The key question before the High Court had been whether Hadiya’s father’s insistence that he was the guardian of his daughter, though she was an adult, could override her own choice to marry someone and convert to a different faith. The High Court had then sided with her father, as well as the argument that their marriage was a symbol of the spurious phenomenon of “love jihad” spread by right-wing Hindutva organisations that claim Muslims are enticing Hindu women into falling in love just so they can be converted.

The Supreme Court makes it clear that even if the High Court believed such a thing to be happening, it could not take away Hadiya’s fundamental rights.

In the instant case, the High Court, as is noticeable from the impugned  verdict, has been erroneously guided by some kind of social phenomenon that was frescoed before it... 

The High Court unwarrantably took exception to the same forgetting that parental love or concern cannot be allowed to fluster the right of choice of an adult in choosing a man to whom she gets married. And, that is where the error has crept in, The High Court should have, after an interaction as regards her choice, directed that she was free to go where she wished to. 

In the concluding portions of the majority judgment, the court reiterates this idea over and over, insisting that individual freedoms cannot be trampled on by either societal concerns or the opinions of parents.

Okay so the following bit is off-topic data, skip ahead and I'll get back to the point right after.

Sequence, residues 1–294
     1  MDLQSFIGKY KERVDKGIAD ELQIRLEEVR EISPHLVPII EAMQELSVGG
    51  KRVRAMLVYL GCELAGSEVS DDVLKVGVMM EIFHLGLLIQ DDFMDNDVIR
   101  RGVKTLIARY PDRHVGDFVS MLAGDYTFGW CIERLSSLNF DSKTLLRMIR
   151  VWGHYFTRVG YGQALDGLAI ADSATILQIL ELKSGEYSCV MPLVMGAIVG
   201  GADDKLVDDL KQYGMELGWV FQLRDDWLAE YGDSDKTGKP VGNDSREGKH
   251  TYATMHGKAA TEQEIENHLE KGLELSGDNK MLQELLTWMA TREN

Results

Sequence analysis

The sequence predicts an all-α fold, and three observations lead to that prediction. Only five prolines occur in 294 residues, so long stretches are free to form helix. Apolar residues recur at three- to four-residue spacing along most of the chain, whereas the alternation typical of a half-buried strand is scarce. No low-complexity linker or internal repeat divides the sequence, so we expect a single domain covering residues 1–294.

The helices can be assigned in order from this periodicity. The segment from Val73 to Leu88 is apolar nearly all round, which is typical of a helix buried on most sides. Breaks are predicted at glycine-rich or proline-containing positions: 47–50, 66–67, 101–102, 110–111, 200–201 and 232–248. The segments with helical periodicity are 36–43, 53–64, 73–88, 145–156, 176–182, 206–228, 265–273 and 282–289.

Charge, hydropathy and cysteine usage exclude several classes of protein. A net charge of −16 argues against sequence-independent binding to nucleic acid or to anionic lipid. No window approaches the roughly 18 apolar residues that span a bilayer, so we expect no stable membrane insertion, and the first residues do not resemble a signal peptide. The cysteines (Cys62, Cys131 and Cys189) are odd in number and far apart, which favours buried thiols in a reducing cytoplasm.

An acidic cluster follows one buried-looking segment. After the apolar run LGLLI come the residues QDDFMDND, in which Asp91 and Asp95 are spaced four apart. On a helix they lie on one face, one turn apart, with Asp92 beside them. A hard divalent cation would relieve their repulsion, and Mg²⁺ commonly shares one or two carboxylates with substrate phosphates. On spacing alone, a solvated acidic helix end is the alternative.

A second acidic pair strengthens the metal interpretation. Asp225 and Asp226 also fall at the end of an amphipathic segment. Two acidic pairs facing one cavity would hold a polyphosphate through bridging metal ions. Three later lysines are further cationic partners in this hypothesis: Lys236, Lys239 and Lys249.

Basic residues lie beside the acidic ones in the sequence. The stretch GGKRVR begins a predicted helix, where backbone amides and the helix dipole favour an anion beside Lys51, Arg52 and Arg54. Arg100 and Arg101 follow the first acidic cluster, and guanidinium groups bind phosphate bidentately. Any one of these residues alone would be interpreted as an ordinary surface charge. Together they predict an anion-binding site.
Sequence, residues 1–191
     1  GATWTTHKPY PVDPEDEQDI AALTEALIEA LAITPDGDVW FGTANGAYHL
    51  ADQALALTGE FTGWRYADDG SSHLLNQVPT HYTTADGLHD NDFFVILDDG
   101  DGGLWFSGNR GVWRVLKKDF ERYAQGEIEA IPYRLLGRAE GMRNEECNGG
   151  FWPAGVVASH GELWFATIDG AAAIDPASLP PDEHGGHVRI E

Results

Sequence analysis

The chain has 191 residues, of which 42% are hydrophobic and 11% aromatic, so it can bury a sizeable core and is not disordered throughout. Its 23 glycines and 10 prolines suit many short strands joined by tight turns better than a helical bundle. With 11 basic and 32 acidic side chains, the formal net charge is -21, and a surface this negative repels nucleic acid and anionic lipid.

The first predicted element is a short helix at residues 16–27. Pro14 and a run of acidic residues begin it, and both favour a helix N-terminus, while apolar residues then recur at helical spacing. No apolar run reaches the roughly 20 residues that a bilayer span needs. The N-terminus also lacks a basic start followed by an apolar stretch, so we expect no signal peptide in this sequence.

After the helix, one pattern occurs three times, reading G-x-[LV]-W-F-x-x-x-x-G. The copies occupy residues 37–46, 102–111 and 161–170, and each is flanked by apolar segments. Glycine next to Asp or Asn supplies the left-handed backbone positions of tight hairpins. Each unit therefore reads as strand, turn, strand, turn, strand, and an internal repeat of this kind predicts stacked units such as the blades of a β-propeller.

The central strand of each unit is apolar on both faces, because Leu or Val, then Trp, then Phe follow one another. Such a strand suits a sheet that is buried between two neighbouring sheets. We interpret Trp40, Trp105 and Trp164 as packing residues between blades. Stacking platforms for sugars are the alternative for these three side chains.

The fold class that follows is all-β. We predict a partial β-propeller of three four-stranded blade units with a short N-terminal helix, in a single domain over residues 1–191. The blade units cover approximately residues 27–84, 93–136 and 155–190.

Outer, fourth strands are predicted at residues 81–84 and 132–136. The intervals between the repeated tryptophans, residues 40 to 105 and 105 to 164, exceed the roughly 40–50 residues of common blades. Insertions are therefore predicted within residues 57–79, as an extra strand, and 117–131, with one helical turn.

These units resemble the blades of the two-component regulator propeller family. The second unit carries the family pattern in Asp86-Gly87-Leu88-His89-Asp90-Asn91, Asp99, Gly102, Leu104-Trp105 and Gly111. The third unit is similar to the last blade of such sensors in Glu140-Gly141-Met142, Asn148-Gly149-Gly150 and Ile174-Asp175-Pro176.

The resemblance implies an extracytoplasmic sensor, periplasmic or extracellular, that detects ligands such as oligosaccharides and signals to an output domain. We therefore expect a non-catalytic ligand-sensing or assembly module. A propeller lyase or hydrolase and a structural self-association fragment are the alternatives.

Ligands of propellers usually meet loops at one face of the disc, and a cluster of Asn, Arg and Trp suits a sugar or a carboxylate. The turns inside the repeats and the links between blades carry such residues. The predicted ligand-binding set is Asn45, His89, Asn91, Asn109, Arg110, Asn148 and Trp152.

It is obligatory to state here that expression of choice in accord with law is acceptance of individual identity. Curtailment of that expression and the ultimate action emanating therefrom on the conceptual structuralism of obeisance to the societal will destroy the individualistic entity of a person. The social values and morals have their space but they are not above the constitutionally guaranteed freedom... 

Faith of a person is intrinsic to his/her meaningful existence. To have the freedom of faith is essential to his/her autonomy; and it strengthens the core norms of the Constitution...

In the case at hand, the father in his own stand and perception may feel that there has been enormous transgression of his right to protect the interest of his daughter but his view point or position cannot be allowed to curtail the fundamental rights of his daughter who, out of her own volition, married the appellant. Therefore, the High Court has completely erred by taking upon itself the burden of annulling the marriage... when both stood embedded to their vow of matrimony. 

Justice DY Chandrachud added a supplementary judgment, reaffirming the decision taken by the majority order, but berating the High Court even further for putting Hadiya through the sort of process during which here very fundamental rights were taken away from her.